Explainer | Meditative and mindful, lost Buddhist art of incense seal making revived thanks to Hong Kong woman
- To make an incense seal is a simple, mindful exercise that requires a deft touch; Rebecca Wong Howe hopes to revive the dying art
- Burning incense was one of the ‘Four Arts of Living’ during China’s Song dynasty, a way to elevate the sense of smell
Life during the pandemic has, for many of us, been stressful and full of uncertainty. Meditation can help to clear our minds, reduce stress and free up space in our heads for positivity and joy.
The act of doing something mindfully, when all your attention is focused on performing one activity, can be one way to achieve this state.
For Hongkonger Rebecca Wong Howe, this is done with the daily 10- to 15-minute ritual of making incense seals – a dying art that she is keen to revive.
In this “loving kindness practice”, as Rebecca calls it, ground incense is carefully placed in brass incense seals of different patterns or shapes, which are placed on sand in a bowl, or atop a fresh leaf from her garden.
She uses fine brass instruments, even a peacock feather, to direct the incense powder into the seals.
In Buddhist and Taoist temples, rising incense smoke signifies a person’s prayers ascending to the heavens, she adds.
The Oxford-educated Wong Howe, who calls herself a contemporary Buddhist layman, used to work as a market researcher. Now, she focuses on her religious practice primarily through dance, meditation and painting.
She discovered the art of making incense seals 10 years ago after reading old Buddhist scriptures and, in trying it, she found the simple practice strengthened her spiritual connection to her faith.
While the act of burning stick incense dates back 2,000 years, this particular incense seal making method had been lost over the decades. Wong Howe says she “found her calling” last year in bringing it back.
Wong Howe held an incense seal making session a year ago at the Jao Tsung-I Academy in Kowloon for a group of 12, and a workshop for more than 80 attendees of the Hong Kong Book Fair this July. Those taking part said they found the practice an easy way to enter a meditative state.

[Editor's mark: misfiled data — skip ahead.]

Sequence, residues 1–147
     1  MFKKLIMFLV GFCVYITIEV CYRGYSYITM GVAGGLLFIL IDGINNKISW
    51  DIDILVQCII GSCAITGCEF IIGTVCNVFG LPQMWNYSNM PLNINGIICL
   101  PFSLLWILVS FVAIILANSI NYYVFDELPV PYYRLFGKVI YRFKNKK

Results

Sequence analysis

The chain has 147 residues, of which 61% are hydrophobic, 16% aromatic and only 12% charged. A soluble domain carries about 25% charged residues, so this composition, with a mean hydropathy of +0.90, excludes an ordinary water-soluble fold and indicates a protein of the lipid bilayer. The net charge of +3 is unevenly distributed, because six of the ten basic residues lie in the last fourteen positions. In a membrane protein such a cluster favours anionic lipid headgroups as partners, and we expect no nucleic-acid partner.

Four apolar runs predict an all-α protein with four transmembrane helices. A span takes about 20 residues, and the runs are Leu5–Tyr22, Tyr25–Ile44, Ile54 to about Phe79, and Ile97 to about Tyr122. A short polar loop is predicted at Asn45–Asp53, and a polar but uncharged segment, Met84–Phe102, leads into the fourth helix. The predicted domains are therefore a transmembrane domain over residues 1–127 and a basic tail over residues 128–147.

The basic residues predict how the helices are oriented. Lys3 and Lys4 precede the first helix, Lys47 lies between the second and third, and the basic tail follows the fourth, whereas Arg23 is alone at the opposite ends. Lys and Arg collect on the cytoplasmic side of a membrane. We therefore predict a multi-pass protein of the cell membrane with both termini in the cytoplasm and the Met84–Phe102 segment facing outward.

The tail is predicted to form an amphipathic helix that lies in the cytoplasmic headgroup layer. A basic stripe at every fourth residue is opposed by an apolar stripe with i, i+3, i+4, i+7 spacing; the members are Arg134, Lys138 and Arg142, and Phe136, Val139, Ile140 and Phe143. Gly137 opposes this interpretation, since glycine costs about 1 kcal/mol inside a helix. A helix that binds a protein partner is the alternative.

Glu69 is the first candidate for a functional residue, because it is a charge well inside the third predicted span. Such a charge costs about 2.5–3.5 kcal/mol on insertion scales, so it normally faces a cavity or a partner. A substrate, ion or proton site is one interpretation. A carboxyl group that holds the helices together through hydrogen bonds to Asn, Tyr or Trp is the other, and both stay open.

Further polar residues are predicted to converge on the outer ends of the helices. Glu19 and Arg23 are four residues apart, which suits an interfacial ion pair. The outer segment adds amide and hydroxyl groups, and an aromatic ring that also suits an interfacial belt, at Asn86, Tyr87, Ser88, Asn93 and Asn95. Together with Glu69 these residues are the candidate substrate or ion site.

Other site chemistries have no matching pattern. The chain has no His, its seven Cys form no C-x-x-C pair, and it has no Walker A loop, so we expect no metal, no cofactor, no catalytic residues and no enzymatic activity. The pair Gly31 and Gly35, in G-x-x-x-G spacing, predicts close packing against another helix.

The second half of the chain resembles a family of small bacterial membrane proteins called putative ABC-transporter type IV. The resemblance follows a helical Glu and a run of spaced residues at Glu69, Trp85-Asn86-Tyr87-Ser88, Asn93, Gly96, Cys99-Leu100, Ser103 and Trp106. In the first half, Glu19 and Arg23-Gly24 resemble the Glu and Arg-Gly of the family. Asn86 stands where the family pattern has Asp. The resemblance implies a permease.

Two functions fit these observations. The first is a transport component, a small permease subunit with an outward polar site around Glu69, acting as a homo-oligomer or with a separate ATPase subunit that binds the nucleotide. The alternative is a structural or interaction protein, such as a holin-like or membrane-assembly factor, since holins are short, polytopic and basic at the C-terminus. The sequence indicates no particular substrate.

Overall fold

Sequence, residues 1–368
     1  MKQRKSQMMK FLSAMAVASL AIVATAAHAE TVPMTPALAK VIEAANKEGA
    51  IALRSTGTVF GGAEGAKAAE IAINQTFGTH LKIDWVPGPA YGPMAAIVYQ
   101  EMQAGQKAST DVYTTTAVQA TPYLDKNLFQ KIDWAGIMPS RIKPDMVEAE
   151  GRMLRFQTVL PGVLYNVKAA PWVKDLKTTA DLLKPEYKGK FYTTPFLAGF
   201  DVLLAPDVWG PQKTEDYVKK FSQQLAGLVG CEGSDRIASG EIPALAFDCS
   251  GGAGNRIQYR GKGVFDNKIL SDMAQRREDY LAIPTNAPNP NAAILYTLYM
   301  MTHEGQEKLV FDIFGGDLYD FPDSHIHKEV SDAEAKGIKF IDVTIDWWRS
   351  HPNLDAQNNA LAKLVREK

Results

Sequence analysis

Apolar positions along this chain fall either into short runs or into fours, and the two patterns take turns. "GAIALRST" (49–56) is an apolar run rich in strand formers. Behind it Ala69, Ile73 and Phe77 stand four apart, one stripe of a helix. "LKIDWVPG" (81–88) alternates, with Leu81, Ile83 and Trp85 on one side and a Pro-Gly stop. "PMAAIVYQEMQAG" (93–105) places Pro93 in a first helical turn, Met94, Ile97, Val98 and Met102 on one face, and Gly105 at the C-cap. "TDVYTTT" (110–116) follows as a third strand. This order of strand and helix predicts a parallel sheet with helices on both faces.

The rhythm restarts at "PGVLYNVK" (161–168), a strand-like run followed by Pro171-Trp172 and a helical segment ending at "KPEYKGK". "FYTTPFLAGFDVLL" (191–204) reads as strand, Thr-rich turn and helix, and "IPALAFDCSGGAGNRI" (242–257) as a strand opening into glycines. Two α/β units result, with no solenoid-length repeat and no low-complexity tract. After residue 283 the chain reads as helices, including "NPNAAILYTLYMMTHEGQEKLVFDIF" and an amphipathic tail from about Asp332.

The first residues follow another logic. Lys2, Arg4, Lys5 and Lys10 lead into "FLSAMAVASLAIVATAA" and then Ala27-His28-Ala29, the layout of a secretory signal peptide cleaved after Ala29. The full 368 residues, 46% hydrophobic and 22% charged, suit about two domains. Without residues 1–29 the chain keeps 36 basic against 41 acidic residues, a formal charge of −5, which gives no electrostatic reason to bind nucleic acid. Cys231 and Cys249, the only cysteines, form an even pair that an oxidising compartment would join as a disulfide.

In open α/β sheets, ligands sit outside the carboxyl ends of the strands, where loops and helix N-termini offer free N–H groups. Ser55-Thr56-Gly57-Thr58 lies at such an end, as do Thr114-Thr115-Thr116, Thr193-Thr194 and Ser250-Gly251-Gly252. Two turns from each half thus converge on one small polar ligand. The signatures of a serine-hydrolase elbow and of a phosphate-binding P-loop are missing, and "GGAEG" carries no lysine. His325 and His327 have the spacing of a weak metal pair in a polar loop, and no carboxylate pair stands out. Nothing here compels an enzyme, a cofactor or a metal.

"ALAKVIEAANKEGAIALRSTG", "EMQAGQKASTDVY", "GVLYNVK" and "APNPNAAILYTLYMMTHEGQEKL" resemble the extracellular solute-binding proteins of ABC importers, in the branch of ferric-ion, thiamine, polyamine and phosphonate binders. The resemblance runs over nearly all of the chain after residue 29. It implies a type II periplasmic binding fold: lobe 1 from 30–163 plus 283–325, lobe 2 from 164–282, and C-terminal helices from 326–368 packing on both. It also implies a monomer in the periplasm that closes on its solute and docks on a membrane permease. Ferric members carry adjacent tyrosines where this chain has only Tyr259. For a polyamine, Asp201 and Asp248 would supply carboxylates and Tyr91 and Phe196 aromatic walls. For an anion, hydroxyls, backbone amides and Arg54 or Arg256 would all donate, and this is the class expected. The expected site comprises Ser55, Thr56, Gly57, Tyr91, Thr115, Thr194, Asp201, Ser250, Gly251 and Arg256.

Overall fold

“I want to make it fun for everybody. When you find it fun, you will add it to your practice,” she says.
“Before officials and scholars sat down for meetings in ancient China, they would make tea and burn incense. This was to align their sense of taste and smell so they were on the same wavelength,” explains Wong Howe.
What is incense?
Incense is used as an offering to the gods and to cleanse sacred rooms and holy objects, placate malicious spirits and eradicate negative energy. It is also burned for its therapeutic properties.
How do you create an incense seal?
Prepare your base – ash or sand poured into a pot and flattened with a brush, or a freshly picked leaf – and choose a stencil-like seal and incense powders that match your mood or intentions for the day.
“Depending on the blend, one can attract prosperity, love, remove obstacles, remove illness and connect to different deities,” she says.
Place the seal on the base and pour the incense powder over the seal. Even out the powder over the stencil with a small spatula and flatten it down. Gently tap the handle of the seal with tools to get the powder to settle into the stencil. Take as long as you need with this process.
Slowly lift the stencil – the powder should lie in a beautiful shape on the flat bed of ashes. Light the powder with a stick of incense and let it burn. Sit back and watch the smoke while breathing mindfully.
What is the benefit of incense seal making and burning?
The ritual can take anywhere from 10 minutes to half an hour. If you fail at making a seal, that is OK – let it serve as a lesson in letting go and forgiving yourself.
“It’s worthwhile to still your mind,” says Wong Howe. “After doing it every morning, I have clarity of thought. I am in a better mood and that changes the way I do things. I’m not just jumping out of bed and moving into something immediately.”
Where can I buy the materials to make incense seals?
Wong Howe shops at Dharma Arts on Shanghai Street in Hong Kong’s Yau Ma Tei or the Thrangu Vajrayana Buddhist Centre in Kwun Tong – both in Kowloon.
She will also be hosting free monthly seal incense workshops at Arts with Smile in Wong Chuk Hang on Hong Kong Island. There will be incense-making kits for sale at the venue.